A review of the Columbia River Treaty, which the United States and Canada entered in 1964, has British Columbia growers hoping for compensation for the impact it’s had on their industry.
While the treaty has been effective in managing the Columbia River, harnessing its might for power generation and regulating flows to prevent disastrous flooding along its lower reaches, B.C. growers claim dams Canada built under the treaty also ensured a stable supply of irrigation water that supported the incredible growth of the Washington State apple industry in recent decades.
Since completion of the first dam built under the treaty in 1968, apple acreage in the state has risen from 60,000 acres to approximately 150,000 acres today. Production has increased more than sixfold, reaching 6.5 billion pounds in 2012.
The dramatic growth has had international impact.
“Washington has captured all of the growth in the domestic market and taken a small portion of the market away from other growing areas,” observed Dr. Thomas Schotzko and David Granatstein, extension scientists at Washington State University, in a 2004 paper.
It’s no surprise to B.C. growers, now dwarfed by the giant to the south. British Columbia has shifted to newer varieties and more productive plantings, but Washington—where apple production was seven times as great as British Columbia through the 1980s – today produces more than 30 times as many apples as its northern neighbor.
Meanwhile, production in British Columbia has slipped from more than 300 million pounds a year in the late 1960s to 215.5 million pounds in 2012.
“The impact of the increased volumes is unquestioned,” said Glen Lucas, general manager of the B.C. Tree Fruit Growers Association that represents most growers in the province.
Washington has become so productive that many B.C. growers believe the treaty has caused them economic hardship. The state’s output was so overwhelming that growers sought and obtained an antidumping order against Washington State apples in 1989 (the order was rescinded in 2000).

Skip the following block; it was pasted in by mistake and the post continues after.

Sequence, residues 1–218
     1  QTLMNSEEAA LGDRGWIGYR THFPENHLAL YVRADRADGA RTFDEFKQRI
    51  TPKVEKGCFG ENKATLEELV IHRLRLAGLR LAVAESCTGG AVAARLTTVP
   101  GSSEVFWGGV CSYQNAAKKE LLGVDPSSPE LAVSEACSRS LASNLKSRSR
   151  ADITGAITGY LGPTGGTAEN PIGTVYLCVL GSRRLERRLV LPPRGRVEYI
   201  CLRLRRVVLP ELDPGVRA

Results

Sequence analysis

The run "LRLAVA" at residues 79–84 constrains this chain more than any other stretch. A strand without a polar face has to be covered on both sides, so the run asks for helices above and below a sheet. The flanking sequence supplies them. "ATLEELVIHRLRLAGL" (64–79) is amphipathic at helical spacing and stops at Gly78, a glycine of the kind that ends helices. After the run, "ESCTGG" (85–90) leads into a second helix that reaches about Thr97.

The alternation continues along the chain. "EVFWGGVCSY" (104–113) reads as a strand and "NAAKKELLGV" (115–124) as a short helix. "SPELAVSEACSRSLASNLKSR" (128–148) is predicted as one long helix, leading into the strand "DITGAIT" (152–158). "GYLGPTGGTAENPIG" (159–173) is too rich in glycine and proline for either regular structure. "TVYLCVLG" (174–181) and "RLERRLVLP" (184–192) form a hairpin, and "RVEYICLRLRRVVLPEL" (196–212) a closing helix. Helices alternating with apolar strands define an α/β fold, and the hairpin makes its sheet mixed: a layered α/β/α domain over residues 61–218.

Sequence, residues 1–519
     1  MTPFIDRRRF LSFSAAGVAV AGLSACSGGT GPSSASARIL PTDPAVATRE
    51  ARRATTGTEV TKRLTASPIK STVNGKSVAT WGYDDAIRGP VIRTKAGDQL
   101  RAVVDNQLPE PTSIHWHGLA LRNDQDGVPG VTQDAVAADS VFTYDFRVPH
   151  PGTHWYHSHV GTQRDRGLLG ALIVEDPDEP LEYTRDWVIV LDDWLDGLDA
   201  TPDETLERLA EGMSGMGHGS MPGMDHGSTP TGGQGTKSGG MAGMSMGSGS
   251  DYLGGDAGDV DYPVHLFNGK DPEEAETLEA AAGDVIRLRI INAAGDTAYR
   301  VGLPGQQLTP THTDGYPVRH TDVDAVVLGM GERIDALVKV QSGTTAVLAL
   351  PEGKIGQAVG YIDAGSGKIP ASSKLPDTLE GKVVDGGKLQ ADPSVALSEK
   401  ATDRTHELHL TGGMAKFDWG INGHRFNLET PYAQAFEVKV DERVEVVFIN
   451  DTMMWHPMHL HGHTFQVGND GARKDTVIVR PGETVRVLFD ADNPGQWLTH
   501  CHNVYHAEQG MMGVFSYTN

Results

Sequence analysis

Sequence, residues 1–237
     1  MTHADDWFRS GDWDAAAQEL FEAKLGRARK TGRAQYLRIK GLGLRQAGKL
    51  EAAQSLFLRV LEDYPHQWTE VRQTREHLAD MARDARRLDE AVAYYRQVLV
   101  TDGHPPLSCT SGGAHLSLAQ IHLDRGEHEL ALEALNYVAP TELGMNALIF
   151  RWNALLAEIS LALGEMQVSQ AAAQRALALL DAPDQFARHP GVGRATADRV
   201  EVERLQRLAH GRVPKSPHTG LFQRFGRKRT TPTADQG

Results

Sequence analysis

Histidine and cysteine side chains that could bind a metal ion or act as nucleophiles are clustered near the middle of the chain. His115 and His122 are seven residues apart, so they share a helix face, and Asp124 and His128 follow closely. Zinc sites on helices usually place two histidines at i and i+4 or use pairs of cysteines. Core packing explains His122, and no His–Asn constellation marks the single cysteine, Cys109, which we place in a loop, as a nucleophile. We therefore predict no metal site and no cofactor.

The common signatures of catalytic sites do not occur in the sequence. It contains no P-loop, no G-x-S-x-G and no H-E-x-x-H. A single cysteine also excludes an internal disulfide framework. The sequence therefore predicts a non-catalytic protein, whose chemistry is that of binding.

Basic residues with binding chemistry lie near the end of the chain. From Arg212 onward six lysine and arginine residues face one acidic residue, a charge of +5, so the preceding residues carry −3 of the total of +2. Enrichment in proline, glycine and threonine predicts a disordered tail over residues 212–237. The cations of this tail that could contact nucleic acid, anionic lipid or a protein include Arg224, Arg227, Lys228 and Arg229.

With the Columbia River Treaty under review, fruit growers have joined with the B.C. Vegetable Marketing Commission and the B.C. Potato and Vegetable Growers Association to seek a cut of revenues the province receives under the treaty.
Residents displaced by dam construction and reservoir creation in the Kootenay region received compensation, and in 1995 the province created the Columbia Basin Trust with a $295 million endowment designed to support social, economic, and environmental initiatives in the area.
Growers have suggested an annual allocation of $9.25 million for the competitive disadvantage they face, a fraction of the $200 million to $300 million the province receives from treaty power sales each year.
Tough to prove
But drawing a connection between the treaty, irrigation, and industry growth in Washington, and the effect these have had on growers in British Columbia, is easier said than done.
The treaty doesn’t affect the supply of irrigation water in British Columbia’s Okanagan Valley, for example. While it has helped regulate the flow of water down the Columbia, a stable supply of water for irrigation in Washington wasn’t an immediate guarantee of success. More productive, higher-density plantings with newer varieties also boosted crop volumes.
Washington tree fruit surveys conducted by the National Agricultural Statistics Service show that apple acreage in Washington grew only slightly from 160,980 acres to 167,489 acres between 1986 and 2011. Increased plantings in the Columbia Basin were offset by a significant reduction in acreage in the Wenatchee district, which also draws water from the Columbia.
Lucas acknowledged that water hasn’t been the only factor at play, but the timing of growth points to the treaty’s significance.
“There may be other competitive factors at play—I’m sure other things have changed in 50 years,” he said. “